Dec 142017
 

The American poet Witter Bynner, who first visited Chapala in the company of D.H. Lawrence in 1923, purchased a house in the town in 1940. The original address of the house, close to the plaza on the main street down to the pier, was 441 Galeana, but the current name of the street is Francisco I. Madero.

Bynner’s home had previously belonged to the famed Mexican architect Luis Barragán (1902-1988). It had apparently belonged to the Barragán family since the end of the 19th century and had been remodeled – by Luis Barragán himself, with the assistance of Juan Palomar – in 1931-32. (We will consider Barragán’s connections to Lake Chapala in a future post).

The Bynner House, Chapala, 2016. Photo: Tony Burton.

The Witter Bynner House, Chapala, 2016. Photo: Tony Burton.

Bynner and his companion Robert “Bob” Hunt became regular visitors to Chapala for several decades. Their mutual friend, artist John Liggett Meigs, is quoted as saying that, “Bynner’s house was on the town’s plaza, a short distance from the lake. Hunt restored the home and, in 1943, added an extensive rooftop terrace, which had clear views of Lake Chapala and nearby mountains. It became Bynner and Hunt’s winter home.” (Mark S. Fuller, Never a Dull Moment: The Life of John Liggett Meigs, 2015). It is worth noting that, while the house was on the plaza when Bynner bought it, the center was remodeled (and the plaza moved) in the 1950s (see comment by Juan Palomar below) so that the house is now a short distance south of the plaza, though it is very close.

According to some sources, Bynner lent his home in Chapala to the then almost-unknown playwright Tennessee Williams in the summer of 1945. During his time at Lake Chapala, Williams wrote the first draft of A Street Car Named Desire.

At some point after Hunt’s death in 1964 and Bynner’s serious stroke in 1965, or upon Bynner’s death in 1968, the house in Chapala (and its contents) was purchased, jointly, by Meigs and another well-known artist Peter Hurd.

Meigs was particularly taken with the fact that the house had once been belonged to Barragán, whose architectural work had been an inspiration for his own architectural designs. Mark Fuller writes that,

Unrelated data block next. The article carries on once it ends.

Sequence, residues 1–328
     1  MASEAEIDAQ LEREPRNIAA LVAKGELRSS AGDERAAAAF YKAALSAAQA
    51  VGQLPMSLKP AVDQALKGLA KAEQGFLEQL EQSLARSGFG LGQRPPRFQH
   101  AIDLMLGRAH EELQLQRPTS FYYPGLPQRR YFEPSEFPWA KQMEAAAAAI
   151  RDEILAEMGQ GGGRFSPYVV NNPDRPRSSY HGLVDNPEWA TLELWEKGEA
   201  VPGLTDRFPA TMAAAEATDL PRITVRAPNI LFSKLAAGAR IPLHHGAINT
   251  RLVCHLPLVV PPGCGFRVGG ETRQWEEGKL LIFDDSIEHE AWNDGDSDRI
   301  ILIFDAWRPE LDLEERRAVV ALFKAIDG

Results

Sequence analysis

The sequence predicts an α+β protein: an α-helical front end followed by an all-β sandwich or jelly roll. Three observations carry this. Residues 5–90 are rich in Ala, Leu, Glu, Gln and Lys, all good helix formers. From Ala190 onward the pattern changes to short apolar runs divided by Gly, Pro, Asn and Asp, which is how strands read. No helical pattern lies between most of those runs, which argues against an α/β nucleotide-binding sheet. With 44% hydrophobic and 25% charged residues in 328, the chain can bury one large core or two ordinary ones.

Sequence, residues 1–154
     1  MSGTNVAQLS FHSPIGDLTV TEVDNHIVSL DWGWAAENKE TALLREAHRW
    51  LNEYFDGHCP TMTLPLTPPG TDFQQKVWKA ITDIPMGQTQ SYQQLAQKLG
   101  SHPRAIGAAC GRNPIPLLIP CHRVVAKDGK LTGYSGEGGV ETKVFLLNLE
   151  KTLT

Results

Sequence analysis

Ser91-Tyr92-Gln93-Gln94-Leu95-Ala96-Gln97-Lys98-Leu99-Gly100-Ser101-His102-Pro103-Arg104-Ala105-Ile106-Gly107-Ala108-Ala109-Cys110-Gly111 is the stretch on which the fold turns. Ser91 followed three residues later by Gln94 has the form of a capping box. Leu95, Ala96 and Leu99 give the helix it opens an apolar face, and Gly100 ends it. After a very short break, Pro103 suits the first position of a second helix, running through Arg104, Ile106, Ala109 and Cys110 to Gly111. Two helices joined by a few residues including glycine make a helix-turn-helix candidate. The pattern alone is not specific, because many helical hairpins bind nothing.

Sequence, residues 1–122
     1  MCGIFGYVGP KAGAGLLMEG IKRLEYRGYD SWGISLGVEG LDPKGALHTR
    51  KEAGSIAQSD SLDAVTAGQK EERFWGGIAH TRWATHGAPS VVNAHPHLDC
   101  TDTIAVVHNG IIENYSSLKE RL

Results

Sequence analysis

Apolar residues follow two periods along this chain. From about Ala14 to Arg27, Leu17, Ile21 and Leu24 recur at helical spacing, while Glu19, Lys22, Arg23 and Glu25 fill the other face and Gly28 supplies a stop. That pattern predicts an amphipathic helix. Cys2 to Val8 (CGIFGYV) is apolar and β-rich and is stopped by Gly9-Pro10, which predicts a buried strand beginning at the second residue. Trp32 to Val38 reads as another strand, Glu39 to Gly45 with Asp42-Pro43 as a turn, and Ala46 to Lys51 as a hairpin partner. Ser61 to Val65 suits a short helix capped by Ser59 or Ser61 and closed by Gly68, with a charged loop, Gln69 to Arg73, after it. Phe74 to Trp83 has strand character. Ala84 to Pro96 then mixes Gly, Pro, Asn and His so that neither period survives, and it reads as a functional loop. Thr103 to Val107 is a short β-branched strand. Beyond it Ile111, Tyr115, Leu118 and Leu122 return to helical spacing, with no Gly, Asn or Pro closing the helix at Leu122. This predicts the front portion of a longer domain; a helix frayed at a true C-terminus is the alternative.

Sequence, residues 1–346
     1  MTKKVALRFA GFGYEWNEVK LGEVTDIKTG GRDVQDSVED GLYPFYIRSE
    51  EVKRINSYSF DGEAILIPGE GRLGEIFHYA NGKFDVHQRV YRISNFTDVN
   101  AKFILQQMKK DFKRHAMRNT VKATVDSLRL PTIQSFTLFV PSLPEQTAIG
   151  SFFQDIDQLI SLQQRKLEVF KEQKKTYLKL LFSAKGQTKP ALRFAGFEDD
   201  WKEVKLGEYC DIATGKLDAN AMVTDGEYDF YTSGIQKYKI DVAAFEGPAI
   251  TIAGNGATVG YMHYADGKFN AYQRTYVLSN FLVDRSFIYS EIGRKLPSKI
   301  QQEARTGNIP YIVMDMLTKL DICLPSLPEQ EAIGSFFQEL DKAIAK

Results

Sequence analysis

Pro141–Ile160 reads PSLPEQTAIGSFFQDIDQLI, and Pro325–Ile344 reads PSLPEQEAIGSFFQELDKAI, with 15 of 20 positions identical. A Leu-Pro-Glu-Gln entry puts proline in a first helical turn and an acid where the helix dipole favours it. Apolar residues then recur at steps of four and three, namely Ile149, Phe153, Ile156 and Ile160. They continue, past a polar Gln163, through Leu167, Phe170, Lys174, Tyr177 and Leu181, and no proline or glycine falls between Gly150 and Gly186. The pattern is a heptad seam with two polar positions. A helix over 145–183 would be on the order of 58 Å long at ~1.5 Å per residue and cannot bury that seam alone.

“the house had two floors, the rooftop terrace that Hunt had added, and a “tower” overlooking Lake Chapala. The other buildings on the block included a “wonderful cantina“, which became a supermarket; another two-story house next door, with a high wall between that house and Bynner’s courtyard; and a two-story hotel on the corner. However, after John [Meigs] and Hurd bought Bynner’s house, they discovered that the owners of the hotel had sold the airspace over the hotel, and, one time, when John arrived, he discovered a twenty foot by forty foot “Presidente Brandy” [sic] advertisement sign on top of the hotel, blocking his view of the lake. John said that that was when he and Hurd decided to sell the place. While he had use of it, though, he very much enjoyed it.”

In 1968, Hurd rented the house out to another artist Everett Gee Jackson. By a strange coincidence, Jackson had rented D.H. Lawrence‘s former residence in Chapala way back in 1923, immediately after the great English author left the town!

For a time, the Barragán-Bynner-Hurt/Meigs house was temporarily converted into warehouse space for a local supermarket, but is now once again a private residence.

Sources:

  • Mark S. Fuller. 2015. Never a Dull Moment: The Life of John Liggett Meigs. Sunstone Press.

Sombrero Books welcomes comments, corrections or additional material related to any of the writers and artists featured in our series of mini-bios. Please use the comments feature at the bottom of individual posts, or email us.

  5 Responses to “The Luis Barragan-Witter Bynner house in Chapala”

  1. Very interesting Tony. Will look it up for sure next time am in Chapala. I always love seeing examples of Barragan’s work, though in general am not that fond of modern or abstract. But he was special! Keep up the good work! Hugs, Phyllis

  2. The original plaza was really in front of the house. It disappeared in the 50’s when all the row of “manzanas” from the edge of the town until the lake were barbariously demolished in order to have a “grand entrance” to Chapala. (Avenida Madero). This altered forever the scale and character of Chapala.
    The rooftop terrace was the integral work of Barragán and Palomar. (With a pérgola”.)
    I think that the only addition to their work is the strange tower-belvedere from the 40’s.
    It is extremely interesting to know that T. Williams wrote there the first draft of one of the major works of XX century theater. A very small plaque should commemorate this fact, and another small plaque should also celebrate the great poet Witter Bynner…
    Congratulations Tony. What a good work you do!!!

    • Thanks for the clarification about the site of the plaza (I knew it had been there at some point, but wasn’t sure when, so have amended that part of the post) and for the additional details. Your support and willingness to correct my errors is very much appreciated!

  3. Interesting that all of those famous writers and artists were also in New Mexico (Santa Fe and Taos).

    • Definitely interesting, but perhaps not surprising given that artists and writers often move around quite a lot and tend to gravitate towards places where there are other artists and writers. (And, as another example, a Berkeley (California) – Lake Chapala flow is also noteworthy).

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